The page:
I flick on the local radio station just as I am kneading the bread for the first time.  On any given Saturday you will get either Joe or Gerard as your host.  These guys have been at the helm since around the time of Adam and Eve.  And they are old pros at their craft.  I don’t know their ages for sure but I’m guessing they are my vintage because they happen to play the music that I grew up with.  As I wait for the bread to rise, I grab a coffee and the New York Times crossword puzzle and settle in, with “Take it to the Limit” by The Eagles playing in the background.

If you want to feel the rhythm of a small town, turn on the radio on a Saturday morning while you’re doing your chores.  It is a pleasant mixture of music, news, local events and announcements.  Nowhere else but in small town Canada will you hear that bingo has been cancelled due to a death in the community.  They must sell a lot of cars on a Saturday because invariably there’s a live feed from one of the car dealerships.  And then I hear the Dave Clark 5 pounding out the lyrics to “Glad All Over”.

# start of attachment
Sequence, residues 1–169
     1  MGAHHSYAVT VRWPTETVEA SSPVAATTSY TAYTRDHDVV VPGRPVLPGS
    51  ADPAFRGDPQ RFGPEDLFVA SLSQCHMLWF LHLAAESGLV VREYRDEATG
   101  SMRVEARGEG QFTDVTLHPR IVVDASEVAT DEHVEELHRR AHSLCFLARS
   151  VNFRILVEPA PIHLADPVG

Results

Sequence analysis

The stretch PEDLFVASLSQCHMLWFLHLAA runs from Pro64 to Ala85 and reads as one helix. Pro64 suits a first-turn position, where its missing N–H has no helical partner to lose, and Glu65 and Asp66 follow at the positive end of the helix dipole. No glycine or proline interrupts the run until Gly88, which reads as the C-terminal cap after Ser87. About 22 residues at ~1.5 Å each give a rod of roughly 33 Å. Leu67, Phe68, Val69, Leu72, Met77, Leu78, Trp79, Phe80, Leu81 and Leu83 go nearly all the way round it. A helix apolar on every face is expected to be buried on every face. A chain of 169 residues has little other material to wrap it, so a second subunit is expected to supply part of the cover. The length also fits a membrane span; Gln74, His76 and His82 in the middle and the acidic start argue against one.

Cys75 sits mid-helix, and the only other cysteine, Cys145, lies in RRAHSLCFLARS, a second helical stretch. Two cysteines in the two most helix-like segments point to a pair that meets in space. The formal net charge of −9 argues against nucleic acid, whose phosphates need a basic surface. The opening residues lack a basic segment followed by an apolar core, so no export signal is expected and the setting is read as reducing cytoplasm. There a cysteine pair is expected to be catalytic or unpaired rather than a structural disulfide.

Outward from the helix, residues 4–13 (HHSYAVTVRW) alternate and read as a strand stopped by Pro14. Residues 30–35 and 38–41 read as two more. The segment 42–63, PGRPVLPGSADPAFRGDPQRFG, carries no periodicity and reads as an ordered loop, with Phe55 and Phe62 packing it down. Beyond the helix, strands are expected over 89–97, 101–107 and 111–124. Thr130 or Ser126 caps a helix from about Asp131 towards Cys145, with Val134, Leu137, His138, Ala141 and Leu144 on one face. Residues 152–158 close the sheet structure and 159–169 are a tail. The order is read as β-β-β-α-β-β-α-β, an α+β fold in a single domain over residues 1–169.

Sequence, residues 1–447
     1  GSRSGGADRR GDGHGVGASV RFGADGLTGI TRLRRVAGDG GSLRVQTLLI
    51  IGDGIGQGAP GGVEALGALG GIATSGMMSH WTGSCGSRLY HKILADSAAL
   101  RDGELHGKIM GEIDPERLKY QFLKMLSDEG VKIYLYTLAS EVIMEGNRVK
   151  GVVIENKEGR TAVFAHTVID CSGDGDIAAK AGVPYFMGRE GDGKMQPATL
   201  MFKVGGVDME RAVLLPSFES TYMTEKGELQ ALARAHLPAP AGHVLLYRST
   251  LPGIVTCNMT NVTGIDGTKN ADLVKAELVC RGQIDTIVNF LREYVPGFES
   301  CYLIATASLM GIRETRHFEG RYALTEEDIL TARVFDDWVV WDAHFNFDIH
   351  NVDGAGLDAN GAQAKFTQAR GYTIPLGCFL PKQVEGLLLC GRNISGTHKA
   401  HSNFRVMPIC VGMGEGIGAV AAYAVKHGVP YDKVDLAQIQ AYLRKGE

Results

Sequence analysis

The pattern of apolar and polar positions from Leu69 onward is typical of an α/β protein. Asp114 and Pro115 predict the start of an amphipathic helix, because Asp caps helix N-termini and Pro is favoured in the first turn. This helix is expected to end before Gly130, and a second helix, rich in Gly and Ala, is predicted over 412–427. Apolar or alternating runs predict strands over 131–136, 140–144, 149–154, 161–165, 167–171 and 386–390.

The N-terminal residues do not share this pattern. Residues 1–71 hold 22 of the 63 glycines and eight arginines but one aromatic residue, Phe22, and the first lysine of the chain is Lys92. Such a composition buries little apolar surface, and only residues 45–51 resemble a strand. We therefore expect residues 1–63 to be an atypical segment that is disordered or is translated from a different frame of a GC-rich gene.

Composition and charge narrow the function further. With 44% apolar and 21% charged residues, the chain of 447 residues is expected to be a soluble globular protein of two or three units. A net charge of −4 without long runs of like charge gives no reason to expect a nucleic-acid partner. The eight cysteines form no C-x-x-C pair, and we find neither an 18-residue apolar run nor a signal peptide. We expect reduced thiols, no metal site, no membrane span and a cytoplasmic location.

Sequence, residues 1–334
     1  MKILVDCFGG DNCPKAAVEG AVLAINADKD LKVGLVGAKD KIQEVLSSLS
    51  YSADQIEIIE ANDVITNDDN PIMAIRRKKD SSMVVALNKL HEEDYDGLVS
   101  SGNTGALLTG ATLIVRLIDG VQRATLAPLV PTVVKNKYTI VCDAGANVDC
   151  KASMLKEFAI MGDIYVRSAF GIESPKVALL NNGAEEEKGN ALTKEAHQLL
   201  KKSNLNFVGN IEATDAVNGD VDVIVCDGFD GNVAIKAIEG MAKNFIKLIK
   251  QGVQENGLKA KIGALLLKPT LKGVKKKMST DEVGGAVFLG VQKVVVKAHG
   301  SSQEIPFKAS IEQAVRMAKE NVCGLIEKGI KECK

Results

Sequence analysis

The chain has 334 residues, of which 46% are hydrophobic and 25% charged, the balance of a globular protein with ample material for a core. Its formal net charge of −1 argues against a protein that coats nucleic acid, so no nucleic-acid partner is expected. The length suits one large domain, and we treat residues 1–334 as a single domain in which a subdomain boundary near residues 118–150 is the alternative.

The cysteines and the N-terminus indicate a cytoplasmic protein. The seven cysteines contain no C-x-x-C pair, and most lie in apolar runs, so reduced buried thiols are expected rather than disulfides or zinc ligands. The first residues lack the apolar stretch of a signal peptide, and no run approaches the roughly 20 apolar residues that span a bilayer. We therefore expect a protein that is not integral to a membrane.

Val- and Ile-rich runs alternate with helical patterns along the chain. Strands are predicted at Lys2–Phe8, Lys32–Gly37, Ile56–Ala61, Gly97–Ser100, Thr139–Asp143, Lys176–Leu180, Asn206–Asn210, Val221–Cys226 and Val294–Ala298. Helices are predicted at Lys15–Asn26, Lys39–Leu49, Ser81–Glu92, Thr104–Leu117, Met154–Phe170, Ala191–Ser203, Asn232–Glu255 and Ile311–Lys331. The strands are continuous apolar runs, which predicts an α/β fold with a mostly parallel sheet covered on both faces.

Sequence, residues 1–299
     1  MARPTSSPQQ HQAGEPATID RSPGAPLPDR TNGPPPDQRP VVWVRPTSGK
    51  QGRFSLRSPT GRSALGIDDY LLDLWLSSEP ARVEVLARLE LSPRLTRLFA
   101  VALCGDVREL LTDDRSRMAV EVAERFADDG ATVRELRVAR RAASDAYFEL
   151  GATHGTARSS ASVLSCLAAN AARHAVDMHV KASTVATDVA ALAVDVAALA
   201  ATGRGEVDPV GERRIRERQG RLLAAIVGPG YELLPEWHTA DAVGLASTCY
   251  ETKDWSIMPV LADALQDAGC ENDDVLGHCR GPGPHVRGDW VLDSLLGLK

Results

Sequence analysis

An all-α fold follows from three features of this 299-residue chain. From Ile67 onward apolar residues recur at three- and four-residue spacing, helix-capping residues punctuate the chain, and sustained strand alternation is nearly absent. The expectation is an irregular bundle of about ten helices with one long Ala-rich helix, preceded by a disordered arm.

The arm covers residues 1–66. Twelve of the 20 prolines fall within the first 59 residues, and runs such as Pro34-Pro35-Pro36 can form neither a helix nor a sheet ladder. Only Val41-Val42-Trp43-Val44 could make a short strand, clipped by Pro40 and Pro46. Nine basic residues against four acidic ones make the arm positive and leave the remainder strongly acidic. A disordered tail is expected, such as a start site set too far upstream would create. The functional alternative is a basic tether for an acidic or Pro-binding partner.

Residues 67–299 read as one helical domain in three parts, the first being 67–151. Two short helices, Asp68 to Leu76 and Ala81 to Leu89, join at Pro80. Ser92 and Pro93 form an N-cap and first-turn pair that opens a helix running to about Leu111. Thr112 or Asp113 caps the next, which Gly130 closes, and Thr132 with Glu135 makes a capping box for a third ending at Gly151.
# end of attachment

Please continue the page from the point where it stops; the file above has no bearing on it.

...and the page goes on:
No Saturday would be complete without the buy and sell segment.   And when spring rolls around, my wife and her ilk wait breathlessly to hear about the yard sales.  Only in a small town would you get the “lost dogs” report.  Spencer Davis belts out “Gimme Some Lovin’”.

Is the entire globe fixated on weather?   Back when I was growing up, weather just happened.  You knew there was bad weather by looking out your window.  Nowadays, it appears to be an obsession.   And despite all of the sophisticated weather tracking devices, my arthritic knee is the best gauge of all.  Just after the umpteenth weather report, the Beach Boys ramp things up with “Help Me Rhonda”.

One thing is absolutely certain on a Saturday morning.  You’re not likely to hear any rap music.  Joe and Gerard just don’t seem to be rapper kind of guys.

As I’m taking the bread out of the oven, Anne Murray is crooning that old favorite “You Needed Me”.   I look at the bread and the bread stares back at me as if to say “You kneaded me”.  Is there anything better than warm bread just out of the oven?

Yes.  Joe and Gerard.  Like an old pair of slippers; familiar and comfortable.